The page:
Mes Demoiselles for some BoHo fashion.
Uber is my chosen form of transportation in Paris, other than my own two feet. Yes, I know; I’ve been eviscerating about them in recent times. And I still loathe the way they elect to communicate with their clients. However, unless you have a private driver, there really isn’t a better solution at the moment.

Available taxis are little more than a random occurrence; almost as rare as a telephone booth. Word to the Wise: check that your Uber account is in order before travelling anywhere.
A rare sight in Paris these days.
I seem to have a propensity for visiting Paris at the exact time of terrorist acts. I was there during the tragic November 2105 bombings, in Provence at the time of the July 2016 bombing in Nice, and on the night of my arrival in Paris this September, I dined at the wonderful rotisserie restaurant Atelier Maitre Albert, located on a block near to the cathedral of Notre Dame, where a car was found with a trunkload of explosive devices intended to bomb the cathedral and the Gare de Nord train station.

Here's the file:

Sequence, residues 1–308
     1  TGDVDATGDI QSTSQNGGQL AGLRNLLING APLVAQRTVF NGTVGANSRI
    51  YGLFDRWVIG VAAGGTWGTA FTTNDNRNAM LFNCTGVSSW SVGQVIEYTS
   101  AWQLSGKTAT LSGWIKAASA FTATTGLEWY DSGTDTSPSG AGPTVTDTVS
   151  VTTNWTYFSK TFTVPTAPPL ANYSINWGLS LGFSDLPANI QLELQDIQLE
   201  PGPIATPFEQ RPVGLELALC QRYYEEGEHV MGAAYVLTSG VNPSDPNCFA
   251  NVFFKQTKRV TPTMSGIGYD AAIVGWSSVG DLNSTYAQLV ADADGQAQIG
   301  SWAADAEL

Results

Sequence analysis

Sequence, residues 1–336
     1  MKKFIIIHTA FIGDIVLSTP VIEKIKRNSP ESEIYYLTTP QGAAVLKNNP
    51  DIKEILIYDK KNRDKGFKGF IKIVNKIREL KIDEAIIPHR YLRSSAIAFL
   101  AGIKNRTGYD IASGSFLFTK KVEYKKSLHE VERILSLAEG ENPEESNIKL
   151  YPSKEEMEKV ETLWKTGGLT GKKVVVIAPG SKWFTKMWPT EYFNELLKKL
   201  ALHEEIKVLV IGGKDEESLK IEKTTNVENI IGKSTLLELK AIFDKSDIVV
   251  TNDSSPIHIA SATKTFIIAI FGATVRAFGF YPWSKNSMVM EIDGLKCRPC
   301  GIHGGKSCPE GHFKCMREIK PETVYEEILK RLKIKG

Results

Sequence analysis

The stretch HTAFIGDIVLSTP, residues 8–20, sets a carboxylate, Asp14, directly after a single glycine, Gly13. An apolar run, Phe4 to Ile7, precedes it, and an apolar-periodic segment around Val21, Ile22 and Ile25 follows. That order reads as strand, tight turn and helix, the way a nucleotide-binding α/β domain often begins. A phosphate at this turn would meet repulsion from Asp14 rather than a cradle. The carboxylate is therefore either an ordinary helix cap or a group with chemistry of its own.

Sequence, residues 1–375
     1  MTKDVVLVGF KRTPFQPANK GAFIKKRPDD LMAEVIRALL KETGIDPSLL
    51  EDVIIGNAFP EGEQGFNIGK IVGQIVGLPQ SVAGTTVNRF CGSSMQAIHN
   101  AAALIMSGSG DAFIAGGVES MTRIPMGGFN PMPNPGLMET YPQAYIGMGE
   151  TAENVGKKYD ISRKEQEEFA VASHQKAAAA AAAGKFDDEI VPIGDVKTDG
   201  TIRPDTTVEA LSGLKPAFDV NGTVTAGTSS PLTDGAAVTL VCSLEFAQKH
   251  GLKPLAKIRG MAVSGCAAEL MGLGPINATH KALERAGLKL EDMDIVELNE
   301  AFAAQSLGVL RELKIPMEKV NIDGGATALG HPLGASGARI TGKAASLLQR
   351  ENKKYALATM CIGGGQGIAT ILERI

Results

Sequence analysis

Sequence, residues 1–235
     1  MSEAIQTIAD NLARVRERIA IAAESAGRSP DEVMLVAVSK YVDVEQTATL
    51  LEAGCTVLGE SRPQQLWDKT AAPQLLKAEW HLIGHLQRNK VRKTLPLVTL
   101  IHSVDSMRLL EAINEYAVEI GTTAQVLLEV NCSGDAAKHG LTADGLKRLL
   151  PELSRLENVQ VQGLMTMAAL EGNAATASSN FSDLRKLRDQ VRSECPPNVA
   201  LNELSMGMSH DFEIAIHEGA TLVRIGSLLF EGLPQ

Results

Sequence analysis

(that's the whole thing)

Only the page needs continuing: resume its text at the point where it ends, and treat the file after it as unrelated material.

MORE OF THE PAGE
Do I feel safe in Paris? Yes and No. In a way, really no different from New York or any other capital of the West. The world has changed. And so has Paris.

Clearly western Europe is the target of escalating home grown terrorism. I do not imagine that horrific pattern to be abating any time soon. However, I believe the French Surete, along with the elite counter-terrorism units are quickly upping their game in the name of highly effective counter measures.
Street view of where I had dinner near to Notre Dame.
One of the largest impediments towards combatting homeland terrorists in France is budgetary constraints. Few nations have voted to approve the huge appropriation of funds required to fight this scourge, and to put the necessary boots on the ground to track the constant stream of impending disaster.

Security is heard all over Paris in the constant high pitched Hee Haw, Hee Haw of screeching sirens emanating from police vehicles, racing through the small streets of neighborhood communities and down the elegant tree-lined avenues of Paris’ elegant inner arrondisements.